Virginia Gov.-elect Glenn Youngkin has named several anti-LGBTQ figures to his transition team — in keeping with the anti-LGBTQ beliefs that helped elevate him to victory earlier this month.
On Wednesday, Youngkin announced that his transition team would include former Virginia Republican Gov. and Sen. George Allen as honorary co-chair, along with former Republican Governors Bob McDonnell and Jim Gilmore, and former Democratic Gov. Doug Wilder.
Allen is perhaps the most prominent of the honorary co-chairs, and was also the most vehemently anti-LGBTQ while in elective office, although in 2015 he claimed to have “evolved” on the issue of same-sex marriage. Yet at the same time he announced his “evolution” in speaking with The Washington Post, Allen said he still supported the right of religiously-affiliated organizations to discriminate against or deny services to same-sex couples if providing such services would violate their sincerely held beliefs.
In 1994, when he was governor, during a radio broadcast, Allen said he didn’t want his children to view homosexuality as “acceptable behavior” and argued against expanding LGBTQ rights on the grounds that it would be condoning behavior to which he is opposed, reports the American Independent, a progressive online news source.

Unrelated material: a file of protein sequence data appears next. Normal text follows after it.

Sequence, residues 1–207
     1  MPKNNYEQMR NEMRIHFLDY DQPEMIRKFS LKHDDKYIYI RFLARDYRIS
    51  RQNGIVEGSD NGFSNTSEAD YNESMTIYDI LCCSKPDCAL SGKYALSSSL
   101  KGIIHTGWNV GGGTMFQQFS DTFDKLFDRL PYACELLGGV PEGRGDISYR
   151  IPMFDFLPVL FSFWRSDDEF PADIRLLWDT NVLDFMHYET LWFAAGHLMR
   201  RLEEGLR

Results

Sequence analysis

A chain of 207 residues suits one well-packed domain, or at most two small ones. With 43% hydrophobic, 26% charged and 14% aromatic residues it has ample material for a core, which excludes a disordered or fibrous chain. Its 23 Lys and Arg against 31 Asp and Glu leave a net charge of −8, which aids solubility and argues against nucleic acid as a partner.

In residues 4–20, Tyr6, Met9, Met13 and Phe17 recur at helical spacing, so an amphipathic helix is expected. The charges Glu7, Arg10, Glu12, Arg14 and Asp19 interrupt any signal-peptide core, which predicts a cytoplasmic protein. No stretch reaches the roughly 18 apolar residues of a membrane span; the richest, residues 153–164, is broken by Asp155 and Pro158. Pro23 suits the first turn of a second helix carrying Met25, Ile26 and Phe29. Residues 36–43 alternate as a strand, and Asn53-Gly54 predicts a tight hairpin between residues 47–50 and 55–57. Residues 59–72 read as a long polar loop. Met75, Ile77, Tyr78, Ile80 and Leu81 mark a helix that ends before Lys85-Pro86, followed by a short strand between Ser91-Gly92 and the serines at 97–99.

During that same broadcast, according to a press release from GLAAD’s Richmond OUTpost, Allen praised the fact that Virginia had a Crimes Against Nature law that made private, consensual sex between same-sex adults a felony, saying: “It’s against the criminal law in Virginia, that homosexual acts are illegal, and I think should stay illegal.”
Three years later, Allen signed Virginia’s state “defense of marriage” law into effect, meaning that Virginia, which already banned the practice in the commonwealth, would not recognize legal marriages performed in other states or countries. Much like the way debates over so-called “critical race theory,” “social emotional learning,” the rights of transgender children, and the idea of banning books with “inappropriate” content have become fodder for power-hungry Republicans in 2021, in 1997, it was all the rage for activists to call for constitutional bans on same-sex marriage in various states.
The push was sparked by a state court ruling in Hawaii finding that it was unconstitutional to ban same-sex marriages, giving conservative activists another wedge issue they could ride to electoral victories for the better part of the next decade-and-a-half.
Allen also opposed allowing same-sex couples to raise kids — something he made clear in the 1994 radio broadcast. Eighteen years later, when running for the U.S. Senate against former Gov. and now-Sen. Tim Kaine (D), he embraced his position, even touting his opposition to same-sex adoption on his campaign website. He supported a restriction that prevented the Virginia Housing Development Authority from granting low-interest home loans to LGBT families, on the grounds of his personal opposition to homosexuality.